Now that we know how MVVM works and what it stands for, it’s time to put it into practice. We discussed the contact view earlier, so let’s use that in this example.

Without using MVVM, your ContactView might look as follows:

struct Contact {
    let name: String
}

struct ContactView: View {
    
    let contact: Contact
    
    var body: some View {
        VStack {
            Text("Name: \(contact.name)")
            Button("Delete", action: deleteContact)
        }
    }
    
    func deleteContact() {
        // Perform contact deletion
    }
}

At this stage, the code might be perfectly fine. There’s not a lot of code yet, and there’s also not too much business logic to take care of. However, the ContactView is strictly connected to the Contact model and contains business logic for deleting contacts. It’s also not easily testable or reusable with other similar types.

We can rewrite this logic by making use of the MVVM architectural coding pattern. To gracefully migrate, we start by only connecting the metadata with a new ContactViewModel type:

struct ContactViewModel {
    /// A public accessor to the contact's name.
    /// Implementors don't know the name is coming from a `Contact` type.
    var name: String { contact.name }
    
    /// Keep a reference to the (domain) model so we can perform any actions like deleting.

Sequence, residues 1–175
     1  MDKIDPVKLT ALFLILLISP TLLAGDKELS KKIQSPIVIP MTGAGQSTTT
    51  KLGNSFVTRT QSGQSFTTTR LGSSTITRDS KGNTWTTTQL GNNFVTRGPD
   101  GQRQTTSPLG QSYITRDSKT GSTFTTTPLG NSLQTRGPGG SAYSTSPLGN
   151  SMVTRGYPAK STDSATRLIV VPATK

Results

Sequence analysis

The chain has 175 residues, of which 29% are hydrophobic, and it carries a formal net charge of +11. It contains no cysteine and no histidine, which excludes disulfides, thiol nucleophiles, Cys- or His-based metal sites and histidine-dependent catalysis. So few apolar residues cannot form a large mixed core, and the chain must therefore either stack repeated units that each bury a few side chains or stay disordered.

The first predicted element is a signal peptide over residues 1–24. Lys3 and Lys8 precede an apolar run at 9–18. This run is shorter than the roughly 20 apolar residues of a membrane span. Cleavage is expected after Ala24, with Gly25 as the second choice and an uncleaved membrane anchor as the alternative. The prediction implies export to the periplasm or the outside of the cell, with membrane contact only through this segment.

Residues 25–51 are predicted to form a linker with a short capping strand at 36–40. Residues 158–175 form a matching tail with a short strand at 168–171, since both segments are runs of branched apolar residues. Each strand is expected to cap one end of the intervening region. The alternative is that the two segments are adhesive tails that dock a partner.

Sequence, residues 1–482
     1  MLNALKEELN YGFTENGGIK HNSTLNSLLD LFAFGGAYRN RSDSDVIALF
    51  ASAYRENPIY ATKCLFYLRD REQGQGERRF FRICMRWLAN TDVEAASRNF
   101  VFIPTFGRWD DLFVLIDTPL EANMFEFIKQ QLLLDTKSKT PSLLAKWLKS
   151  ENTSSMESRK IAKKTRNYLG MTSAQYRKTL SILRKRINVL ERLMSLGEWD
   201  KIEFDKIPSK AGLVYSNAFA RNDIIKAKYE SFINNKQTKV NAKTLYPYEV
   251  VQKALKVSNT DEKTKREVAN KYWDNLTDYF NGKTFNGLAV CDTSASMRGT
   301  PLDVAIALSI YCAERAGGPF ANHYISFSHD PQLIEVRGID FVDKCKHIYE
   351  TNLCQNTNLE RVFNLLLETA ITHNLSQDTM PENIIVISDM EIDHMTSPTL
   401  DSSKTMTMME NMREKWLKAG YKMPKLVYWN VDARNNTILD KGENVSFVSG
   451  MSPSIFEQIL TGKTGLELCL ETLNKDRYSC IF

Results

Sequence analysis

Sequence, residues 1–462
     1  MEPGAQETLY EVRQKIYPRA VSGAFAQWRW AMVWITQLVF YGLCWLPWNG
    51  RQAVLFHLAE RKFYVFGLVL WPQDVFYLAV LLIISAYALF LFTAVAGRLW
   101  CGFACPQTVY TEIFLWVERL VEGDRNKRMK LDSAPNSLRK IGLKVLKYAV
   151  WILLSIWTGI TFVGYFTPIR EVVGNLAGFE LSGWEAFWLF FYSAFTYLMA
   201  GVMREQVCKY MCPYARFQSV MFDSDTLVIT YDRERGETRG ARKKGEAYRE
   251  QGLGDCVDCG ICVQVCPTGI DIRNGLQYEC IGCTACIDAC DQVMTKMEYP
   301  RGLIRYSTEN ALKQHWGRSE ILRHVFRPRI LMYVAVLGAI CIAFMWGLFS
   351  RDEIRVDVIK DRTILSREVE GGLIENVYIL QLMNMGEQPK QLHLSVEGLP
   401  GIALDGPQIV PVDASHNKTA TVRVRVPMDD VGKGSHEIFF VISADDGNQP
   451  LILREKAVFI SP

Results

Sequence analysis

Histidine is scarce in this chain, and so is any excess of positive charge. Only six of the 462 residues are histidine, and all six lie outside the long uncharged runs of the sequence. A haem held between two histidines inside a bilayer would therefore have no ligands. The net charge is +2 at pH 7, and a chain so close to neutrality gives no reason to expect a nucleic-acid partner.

private let contact: Contact
    
    /// The ViewModel only references the `Contact` model, but has no link to the view that's using the ViewModel.
    init(contact: Contact) {
        self.contact = contact
    }
}

We can now update our ContactView to make use of this new ViewModel:

struct ContactView: View {
    
    let viewModel: ContactViewModel
    
    var body: some View {
        VStack {
            Text("Name: \(viewModel.name)")
            Button("Delete", action: deleteContact)
        }
    }
    
    func deleteContact() {
        // Perform contact deletion
    }
}

This is already a great improvement since we removed the direct connection between the model and the view.

Extracting the business logic from the view

The next step is to extract the business logic from the view. Honestly, many developers use different implementations for this. I prefer to write the deletion logic inside the ViewModel, but the pattern originally describes implementing deletion inside the Contact model. Even better would be to use the Repository Pattern here to extract away the business logic into a single responsible type, resulting in a ViewModel, which is only a communication layer.